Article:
Frailty is a multidimensional condition and is the result of the body's age-associated decline in physical, cognitive, physiological, and immune reserves. The aim of this systematic review is to assess the quality of evidence of the included studies, determine the prevalence of frailty among kidney transplant candidates, and evaluate the relationship between frailty and associated patient characteristics and outcomes after kidney transplantation.
A systematic search was performed for relevant literature on frailty and kidney transplantation. This was followed by a meta-analysis for patient characteristics and outcomes reported by a minimum of 2 studies including mean age, gender, mean body mass index, type of kidney transplantation, dialysis, previous kidney transplantation, comorbidities, hypertension, race, preemptive kidney transplantation, delayed graft function, and length of stay.
A total of 18 studies were included in the systematic review and 14 of those studies were suitable for meta-analysis. The overall pooled prevalence of frailty before transplantation was estimated at 17.1% (95% confidence interval [CI], 15.4-18.7). Frailty was significantly associated with higher age (mean difference, 3.6; 95% CI, 1.4-5.9), lower rate of preemptive transplantation (relative risk, 0.60; 95% CI, 0.4-0.9), longer duration of delayed graft function (relative risk, 1.80; 95% CI, 1.1-3.0), and length of stay longer than 2 wk (odds ratio, 1.64; 95% CI, 1.2-2.3).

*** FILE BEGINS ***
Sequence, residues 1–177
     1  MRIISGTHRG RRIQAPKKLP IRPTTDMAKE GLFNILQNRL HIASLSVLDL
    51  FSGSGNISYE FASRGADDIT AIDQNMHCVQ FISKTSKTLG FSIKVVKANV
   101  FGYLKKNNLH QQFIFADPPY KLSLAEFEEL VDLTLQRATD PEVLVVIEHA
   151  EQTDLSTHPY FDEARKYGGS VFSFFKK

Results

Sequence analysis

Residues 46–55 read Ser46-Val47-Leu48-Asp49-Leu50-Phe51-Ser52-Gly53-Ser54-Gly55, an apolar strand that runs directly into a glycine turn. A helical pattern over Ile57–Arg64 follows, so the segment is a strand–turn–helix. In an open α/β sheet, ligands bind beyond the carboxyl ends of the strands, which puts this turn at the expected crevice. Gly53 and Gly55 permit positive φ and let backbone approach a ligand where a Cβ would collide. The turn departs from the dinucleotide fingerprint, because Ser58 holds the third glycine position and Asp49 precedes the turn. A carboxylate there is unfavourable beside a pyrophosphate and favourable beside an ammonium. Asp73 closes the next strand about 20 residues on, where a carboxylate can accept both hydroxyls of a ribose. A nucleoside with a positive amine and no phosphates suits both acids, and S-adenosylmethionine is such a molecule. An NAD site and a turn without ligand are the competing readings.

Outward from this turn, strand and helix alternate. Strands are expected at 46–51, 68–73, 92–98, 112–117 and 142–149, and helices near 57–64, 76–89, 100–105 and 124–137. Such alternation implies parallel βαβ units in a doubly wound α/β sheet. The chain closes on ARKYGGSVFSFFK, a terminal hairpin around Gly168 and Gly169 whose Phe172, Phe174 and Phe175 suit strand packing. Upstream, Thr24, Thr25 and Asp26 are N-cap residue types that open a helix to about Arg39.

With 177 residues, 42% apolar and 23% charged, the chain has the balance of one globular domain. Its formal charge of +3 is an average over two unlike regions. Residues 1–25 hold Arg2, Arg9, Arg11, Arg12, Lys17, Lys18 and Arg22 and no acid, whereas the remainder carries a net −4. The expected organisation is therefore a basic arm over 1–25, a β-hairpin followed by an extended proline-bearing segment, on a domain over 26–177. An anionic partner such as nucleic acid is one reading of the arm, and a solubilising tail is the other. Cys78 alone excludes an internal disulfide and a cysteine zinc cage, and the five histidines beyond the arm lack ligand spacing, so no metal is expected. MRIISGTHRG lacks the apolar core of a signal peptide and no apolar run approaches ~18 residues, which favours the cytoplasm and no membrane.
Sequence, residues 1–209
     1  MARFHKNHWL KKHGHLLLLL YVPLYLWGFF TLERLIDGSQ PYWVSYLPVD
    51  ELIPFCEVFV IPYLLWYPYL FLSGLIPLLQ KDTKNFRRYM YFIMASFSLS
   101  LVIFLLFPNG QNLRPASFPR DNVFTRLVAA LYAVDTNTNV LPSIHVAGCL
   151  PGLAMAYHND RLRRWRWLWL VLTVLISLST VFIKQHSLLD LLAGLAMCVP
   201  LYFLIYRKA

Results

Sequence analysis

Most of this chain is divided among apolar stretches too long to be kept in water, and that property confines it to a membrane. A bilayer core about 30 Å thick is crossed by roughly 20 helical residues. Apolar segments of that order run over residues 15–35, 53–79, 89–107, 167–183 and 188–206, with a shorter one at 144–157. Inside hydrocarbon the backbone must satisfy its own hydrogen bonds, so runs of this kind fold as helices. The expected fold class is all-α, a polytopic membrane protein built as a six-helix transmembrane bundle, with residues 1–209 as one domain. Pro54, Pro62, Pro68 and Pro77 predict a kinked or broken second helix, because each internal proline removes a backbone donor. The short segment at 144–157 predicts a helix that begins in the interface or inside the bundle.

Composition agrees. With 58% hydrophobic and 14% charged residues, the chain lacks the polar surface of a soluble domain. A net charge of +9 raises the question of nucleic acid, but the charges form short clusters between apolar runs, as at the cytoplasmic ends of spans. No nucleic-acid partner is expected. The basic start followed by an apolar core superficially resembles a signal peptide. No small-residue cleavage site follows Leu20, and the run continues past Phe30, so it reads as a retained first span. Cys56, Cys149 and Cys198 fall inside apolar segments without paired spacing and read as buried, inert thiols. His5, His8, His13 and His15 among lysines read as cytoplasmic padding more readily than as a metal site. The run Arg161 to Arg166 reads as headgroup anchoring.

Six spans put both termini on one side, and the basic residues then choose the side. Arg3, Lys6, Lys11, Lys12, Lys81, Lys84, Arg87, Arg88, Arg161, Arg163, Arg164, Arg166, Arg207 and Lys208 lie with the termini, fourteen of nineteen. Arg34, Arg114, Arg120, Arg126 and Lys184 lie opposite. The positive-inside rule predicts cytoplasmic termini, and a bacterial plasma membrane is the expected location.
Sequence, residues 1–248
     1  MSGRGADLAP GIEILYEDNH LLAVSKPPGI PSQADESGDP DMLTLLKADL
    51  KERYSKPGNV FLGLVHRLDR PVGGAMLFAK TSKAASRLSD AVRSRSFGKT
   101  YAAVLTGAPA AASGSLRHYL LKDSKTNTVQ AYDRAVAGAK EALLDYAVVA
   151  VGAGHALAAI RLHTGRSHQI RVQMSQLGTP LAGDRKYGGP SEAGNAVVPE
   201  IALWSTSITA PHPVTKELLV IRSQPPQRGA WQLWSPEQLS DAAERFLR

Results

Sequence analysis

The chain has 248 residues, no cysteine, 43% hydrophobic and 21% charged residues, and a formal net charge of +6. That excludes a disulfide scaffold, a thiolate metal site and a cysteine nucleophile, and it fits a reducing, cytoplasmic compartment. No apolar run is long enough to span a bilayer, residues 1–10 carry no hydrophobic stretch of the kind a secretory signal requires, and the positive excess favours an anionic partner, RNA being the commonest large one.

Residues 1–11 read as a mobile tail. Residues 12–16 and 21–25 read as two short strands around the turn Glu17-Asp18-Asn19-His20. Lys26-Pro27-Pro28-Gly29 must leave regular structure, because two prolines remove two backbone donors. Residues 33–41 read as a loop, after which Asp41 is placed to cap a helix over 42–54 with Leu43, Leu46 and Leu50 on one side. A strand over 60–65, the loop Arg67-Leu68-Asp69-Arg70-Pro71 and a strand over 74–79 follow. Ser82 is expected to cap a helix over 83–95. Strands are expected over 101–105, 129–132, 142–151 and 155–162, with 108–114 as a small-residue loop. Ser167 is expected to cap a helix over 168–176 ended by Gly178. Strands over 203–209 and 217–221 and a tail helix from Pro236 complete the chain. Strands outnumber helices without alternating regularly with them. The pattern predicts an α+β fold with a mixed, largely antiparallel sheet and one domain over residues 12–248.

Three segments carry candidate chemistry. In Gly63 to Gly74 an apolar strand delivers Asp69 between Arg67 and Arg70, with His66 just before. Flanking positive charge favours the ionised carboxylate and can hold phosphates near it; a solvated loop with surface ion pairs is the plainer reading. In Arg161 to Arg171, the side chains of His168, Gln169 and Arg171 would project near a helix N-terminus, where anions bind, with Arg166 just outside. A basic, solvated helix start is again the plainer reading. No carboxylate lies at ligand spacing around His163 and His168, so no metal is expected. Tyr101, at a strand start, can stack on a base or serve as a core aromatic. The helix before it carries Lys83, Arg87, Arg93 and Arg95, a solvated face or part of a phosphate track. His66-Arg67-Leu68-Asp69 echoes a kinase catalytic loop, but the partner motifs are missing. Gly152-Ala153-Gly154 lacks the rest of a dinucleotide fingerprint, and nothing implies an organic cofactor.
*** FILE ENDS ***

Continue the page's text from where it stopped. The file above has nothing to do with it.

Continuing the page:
One in 6 kidney transplant recipients is frail before transplantation. The presence of frailty is associated with lower rates of preemptive transplantation, older recipient age, higher rates of delayed graft function, and longer length of stay. Future research is required to explore the association of frailty with other adverse outcomes after kidney transplantation and the effects of intervention programs to improve the different frailty domains.